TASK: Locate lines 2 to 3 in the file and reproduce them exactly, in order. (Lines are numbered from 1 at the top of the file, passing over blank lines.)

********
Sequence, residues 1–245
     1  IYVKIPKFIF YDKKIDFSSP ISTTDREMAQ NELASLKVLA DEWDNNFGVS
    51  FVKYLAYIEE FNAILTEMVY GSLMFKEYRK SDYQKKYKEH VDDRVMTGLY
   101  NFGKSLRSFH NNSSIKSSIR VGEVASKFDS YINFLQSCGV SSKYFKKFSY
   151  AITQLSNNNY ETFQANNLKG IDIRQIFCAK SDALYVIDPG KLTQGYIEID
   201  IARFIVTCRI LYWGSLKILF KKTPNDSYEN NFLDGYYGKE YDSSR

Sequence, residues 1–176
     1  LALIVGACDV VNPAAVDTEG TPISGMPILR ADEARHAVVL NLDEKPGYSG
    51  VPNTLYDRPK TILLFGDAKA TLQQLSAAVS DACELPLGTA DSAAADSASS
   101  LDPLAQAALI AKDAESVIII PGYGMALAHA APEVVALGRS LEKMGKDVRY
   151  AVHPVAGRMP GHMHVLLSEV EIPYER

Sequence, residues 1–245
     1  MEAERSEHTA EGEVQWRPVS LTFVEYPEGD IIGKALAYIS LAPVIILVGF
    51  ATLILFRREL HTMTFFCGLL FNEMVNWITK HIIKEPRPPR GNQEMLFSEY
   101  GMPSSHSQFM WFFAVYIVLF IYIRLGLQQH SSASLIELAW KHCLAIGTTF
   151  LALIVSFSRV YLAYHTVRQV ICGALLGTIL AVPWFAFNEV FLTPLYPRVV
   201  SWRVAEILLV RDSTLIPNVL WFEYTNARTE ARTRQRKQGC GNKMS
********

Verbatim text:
     1  IYVKIPKFIF YDKKIDFSSP ISTTDREMAQ NELASLKVLA DEWDNNFGVS
    51  FVKYLAYIEE FNAILTEMVY GSLMFKEYRK SDYQKKYKEH VDDRVMTGLY